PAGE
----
Lake lovers hope to keep invasive species at bayCedar Lake in northern St. Croix County and southern Polk County has avoided the introduction of invasive aquatic plants so far.
By: Jeff Holmquist, New Richmond News
Cedar Lake in northern St. Croix County and southern Polk County has avoided the introduction of invasive aquatic plants so far.
A survey of the lake, conducted by the Beaver Creek Reserve Citizen Science Center of Fall Creek last fall failed to turn up evidence of any such unwanted vegetation.
Lakeshore owners and recreational users of the lake want to keep it that way.
They also want landowners and boaters from nearby lakes to keep their waterways clean.
That's why the Cedar Lake Protection and Rehabilitation District is hosting a three-hour training session on the topic of invasive species on Saturday, March 20.
The session will be held at the Star Prairie Community Center starting at 9 a.m.
People interested in learning about aquatic invasive species identification and control are welcome to attend.
"The intention is to sharpen everyone's awareness on the topic so people can do a better job of identifying the plants that may be brought in from other places," said Bob Goodlad, chairman of the district.
On any given weekend, 20 percent to 30 percent of the boats on Cedar Lake are operated by people from Minnesota, Goodlad estimated.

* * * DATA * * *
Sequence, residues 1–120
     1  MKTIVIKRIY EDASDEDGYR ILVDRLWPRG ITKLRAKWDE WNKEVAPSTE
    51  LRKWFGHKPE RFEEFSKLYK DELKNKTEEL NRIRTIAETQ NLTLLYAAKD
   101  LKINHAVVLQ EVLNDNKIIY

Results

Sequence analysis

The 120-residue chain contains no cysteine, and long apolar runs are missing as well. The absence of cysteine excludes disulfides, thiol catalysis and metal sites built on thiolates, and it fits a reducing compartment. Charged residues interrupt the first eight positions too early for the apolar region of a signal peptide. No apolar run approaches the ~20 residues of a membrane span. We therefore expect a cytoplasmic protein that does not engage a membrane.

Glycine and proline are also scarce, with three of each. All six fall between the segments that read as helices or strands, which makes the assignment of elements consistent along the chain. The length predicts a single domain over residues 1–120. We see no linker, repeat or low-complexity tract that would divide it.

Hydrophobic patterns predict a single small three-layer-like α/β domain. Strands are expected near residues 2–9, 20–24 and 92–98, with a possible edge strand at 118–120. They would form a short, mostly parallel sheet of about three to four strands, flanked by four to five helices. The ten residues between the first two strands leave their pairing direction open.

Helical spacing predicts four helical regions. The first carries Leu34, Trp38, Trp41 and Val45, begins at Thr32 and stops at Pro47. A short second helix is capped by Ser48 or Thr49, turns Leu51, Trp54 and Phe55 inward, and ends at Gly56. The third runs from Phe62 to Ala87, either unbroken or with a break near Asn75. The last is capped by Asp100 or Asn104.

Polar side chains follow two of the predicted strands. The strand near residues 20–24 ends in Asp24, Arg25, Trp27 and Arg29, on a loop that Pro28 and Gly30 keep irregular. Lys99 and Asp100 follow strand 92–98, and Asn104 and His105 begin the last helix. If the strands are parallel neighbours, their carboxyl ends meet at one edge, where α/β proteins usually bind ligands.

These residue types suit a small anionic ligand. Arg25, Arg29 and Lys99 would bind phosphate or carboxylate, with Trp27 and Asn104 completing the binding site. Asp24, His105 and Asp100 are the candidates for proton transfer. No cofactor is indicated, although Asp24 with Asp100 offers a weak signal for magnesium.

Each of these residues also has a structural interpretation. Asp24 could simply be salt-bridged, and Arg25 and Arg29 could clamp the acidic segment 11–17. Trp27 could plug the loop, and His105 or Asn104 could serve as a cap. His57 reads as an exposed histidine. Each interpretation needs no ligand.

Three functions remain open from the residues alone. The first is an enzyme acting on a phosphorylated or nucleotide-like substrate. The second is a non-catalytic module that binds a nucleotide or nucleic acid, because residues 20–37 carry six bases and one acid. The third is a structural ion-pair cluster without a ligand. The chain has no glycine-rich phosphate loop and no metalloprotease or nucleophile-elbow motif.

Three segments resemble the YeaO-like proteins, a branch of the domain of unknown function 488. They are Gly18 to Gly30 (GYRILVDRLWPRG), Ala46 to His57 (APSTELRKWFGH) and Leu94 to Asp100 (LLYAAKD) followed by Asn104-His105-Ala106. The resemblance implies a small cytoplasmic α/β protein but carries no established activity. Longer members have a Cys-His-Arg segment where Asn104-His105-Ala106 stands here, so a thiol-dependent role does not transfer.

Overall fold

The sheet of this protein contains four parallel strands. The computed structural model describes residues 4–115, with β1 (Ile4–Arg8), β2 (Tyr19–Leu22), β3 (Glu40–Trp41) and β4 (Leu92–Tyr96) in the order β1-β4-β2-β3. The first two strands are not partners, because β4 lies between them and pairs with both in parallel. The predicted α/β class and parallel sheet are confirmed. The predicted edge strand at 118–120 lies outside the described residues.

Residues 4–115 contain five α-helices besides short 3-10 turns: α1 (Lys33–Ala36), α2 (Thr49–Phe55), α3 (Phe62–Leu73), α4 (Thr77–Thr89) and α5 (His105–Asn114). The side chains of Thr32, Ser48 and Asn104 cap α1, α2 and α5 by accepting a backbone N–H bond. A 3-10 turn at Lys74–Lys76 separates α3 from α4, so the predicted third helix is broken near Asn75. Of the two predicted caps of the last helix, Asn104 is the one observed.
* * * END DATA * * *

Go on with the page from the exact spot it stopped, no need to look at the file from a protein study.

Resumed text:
Because invasive plants could be "hitchhiking" on boats from other areas, Goodlad said the hope is that education will stop the spread into Cedar Lake and surrounding lakes.
"It's a project directly aimed at Cedar Lake, but anybody who is a recreational water user should be interested," Goodlad said. "I hope we have a good turnout."
The training session is part of the "Clean Boats, Clean Waters" offered by the Beaver Creek organization.
The goal is to raise awareness about how to prevent the spread the spread of invasive species, like curly-leaf pondweed, Eurasian watermilfoil and purple loosestrife.
Living invasive species are also a concern, such as Chinese and banded mystery snails and rusty crayfish.
The training is also intended to encourage volunteers to help boaters inspect their boats for plant fragments or other species at boat landings prior to putting the water craft in a lake.
The program, conducted by Beaver Creek Reserve Citizen Science Center staff, is made possible due to a grant from the Wisconsin Department of Natural Resources.
A staff intern from the science center spent time at the Cedar Lake public access last summer to help inspect boats. The hope is that boaters who use the lake will now be able to take over the
inspection chores, thanks to a little added training.
For more information, contact Goodlad at 715-248- 7672 or e-mail him at rgood email@example.com .